If a talent acquisition specialist has these traits, as well as the instinct to sniff out people’s potential, they are going to go far in that position. These traits will also give you the ability to innovate your recruiting processes to fit the changing job markets as well as your company’s ability to adapt to inevitable changes in the future.
Turn Everyone in Your Company Into a Recruiter
While you might have a dedicated talent acquisition team or individual, the best talent acquisition strategies require you to think outside the box. As Nicole Bickett, VP of People and Administration at Springbuk, can attest, “To attract talent, companies need to be known as a great place to work and engage with talent to build their value in the market.” The people that know this best are the people that do the day-to-day work, so why not turn everyone on your team and their personal networks into a recruiting asset? You can teach them how to be a good talent acquisition specialist by teaching them some recruitment specialist skills in order to up their talent acquisition competencies, but you need to think about a few things first.
“Talent Acquisition has evolved and certainly moved along with other talent segments, getting far more technical than it was in past years,” said Trisha Borme, Director of Regional Talent Acquisition for Genesys. “This coupled with a highly competitive market has pushed talent to think of new and innovative ways to attract talent.”
Obviously, a software developer is not a talent acquisition executive, so don’t expect them to just step into talent acquisition roles without training. However, you can teach them all the talent acquisition process steps and they might be great at it, but there is one thing that might hold them back–the possibility of a bad recommendation. Try to put a process in place where your employees trust that they won’t get any negative blowback from suggesting a candidate. Transparency during the process could be vital here so that they see the reasoning behind their referral being hired or passed up. This keeps everyone on the same page and confident in their role in talent management process.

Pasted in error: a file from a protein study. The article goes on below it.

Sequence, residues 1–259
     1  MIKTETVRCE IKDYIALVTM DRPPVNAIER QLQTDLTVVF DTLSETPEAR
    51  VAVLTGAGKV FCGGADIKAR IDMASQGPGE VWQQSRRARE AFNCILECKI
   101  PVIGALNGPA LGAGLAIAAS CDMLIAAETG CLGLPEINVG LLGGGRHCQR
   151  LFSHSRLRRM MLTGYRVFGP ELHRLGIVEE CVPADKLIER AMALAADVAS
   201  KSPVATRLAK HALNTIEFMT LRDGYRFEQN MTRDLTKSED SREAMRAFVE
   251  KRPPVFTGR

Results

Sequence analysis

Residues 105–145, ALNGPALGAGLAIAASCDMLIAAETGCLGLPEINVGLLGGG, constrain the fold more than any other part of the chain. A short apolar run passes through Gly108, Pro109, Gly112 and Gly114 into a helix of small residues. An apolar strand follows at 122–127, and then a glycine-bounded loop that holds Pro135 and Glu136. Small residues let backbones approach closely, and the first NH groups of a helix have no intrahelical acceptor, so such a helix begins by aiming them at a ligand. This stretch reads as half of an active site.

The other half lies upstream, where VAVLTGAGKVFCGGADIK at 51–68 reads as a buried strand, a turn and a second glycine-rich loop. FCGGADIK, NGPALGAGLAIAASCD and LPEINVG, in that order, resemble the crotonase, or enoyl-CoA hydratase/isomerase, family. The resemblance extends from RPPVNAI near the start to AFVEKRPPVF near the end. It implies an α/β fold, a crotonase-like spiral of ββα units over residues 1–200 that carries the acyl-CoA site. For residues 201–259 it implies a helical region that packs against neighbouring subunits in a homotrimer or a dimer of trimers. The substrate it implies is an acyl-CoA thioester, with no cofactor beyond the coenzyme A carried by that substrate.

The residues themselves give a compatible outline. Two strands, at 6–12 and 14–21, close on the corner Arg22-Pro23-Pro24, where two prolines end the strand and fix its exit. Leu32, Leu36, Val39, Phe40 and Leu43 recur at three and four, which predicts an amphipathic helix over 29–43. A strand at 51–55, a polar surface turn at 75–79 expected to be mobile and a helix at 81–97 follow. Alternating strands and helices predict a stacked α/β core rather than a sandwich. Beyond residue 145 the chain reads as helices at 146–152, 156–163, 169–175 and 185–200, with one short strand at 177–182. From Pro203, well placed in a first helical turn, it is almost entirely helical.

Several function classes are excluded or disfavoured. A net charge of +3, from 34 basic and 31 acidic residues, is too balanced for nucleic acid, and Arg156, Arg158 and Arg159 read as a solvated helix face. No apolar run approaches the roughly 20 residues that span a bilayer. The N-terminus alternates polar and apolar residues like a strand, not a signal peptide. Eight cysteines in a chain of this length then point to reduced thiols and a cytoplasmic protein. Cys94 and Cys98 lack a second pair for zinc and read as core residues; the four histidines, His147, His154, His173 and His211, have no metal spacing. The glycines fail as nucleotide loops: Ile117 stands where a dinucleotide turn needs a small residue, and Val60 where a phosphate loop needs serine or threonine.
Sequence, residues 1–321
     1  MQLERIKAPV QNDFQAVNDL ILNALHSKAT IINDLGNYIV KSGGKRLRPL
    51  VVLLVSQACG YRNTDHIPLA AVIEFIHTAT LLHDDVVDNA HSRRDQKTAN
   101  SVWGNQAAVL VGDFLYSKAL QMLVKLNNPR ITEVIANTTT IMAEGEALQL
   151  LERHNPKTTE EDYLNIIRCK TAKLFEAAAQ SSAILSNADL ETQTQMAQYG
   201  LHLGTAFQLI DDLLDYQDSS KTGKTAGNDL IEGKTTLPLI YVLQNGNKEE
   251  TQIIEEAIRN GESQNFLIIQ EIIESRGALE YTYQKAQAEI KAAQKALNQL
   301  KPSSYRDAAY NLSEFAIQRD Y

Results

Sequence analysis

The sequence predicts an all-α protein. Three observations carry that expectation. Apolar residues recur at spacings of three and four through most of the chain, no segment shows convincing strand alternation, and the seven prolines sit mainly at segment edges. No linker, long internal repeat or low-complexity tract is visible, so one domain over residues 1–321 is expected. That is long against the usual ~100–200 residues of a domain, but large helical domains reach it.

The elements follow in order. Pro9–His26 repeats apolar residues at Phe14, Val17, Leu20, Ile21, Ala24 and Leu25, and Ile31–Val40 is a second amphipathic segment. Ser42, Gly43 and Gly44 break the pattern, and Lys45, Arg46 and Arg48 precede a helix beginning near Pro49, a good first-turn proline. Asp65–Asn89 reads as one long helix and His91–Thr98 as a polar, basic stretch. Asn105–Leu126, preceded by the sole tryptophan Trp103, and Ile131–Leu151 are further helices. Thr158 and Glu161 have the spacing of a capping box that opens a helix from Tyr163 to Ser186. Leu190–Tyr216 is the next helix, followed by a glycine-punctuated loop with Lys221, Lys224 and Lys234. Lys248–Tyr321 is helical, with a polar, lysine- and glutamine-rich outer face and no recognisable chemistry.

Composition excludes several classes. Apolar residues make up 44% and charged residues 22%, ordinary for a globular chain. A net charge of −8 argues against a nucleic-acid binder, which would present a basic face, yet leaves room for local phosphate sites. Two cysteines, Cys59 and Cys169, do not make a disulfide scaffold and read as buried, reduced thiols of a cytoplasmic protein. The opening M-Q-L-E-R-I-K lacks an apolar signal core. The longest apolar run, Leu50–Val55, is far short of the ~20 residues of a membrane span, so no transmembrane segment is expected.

How to Create Your Talent Acquisition Process
Fullstack COO Dawn Lively sums up the talent acquisition position nicely when she says, “You’re trying to find the right people, the right fit, the right roles to grow your company through sourcing, qualifying, interviewing, candidates. You also need to make sure that they are happy and feeling engaged once they start and work with you.” Dennis Nash, Senior Consultant, Employee Benefits with Witkemper Insurance Group, agreed and offered some valuable strategies. “One way is to survey your employees annually to find out which perks and benefits are important to them,” he said. “If you start to see common themes, those can be integrated into developing a benefits strategy that best suits the unique needs of your team.”
It’s a big job, but through setting up your talent acquisition framework by having intimate knowledge of your talent acquisition goals and objectives, you are in a great position to lay a foundation of talent acquisition policies that will set your company up to have the right people and the ability to grow.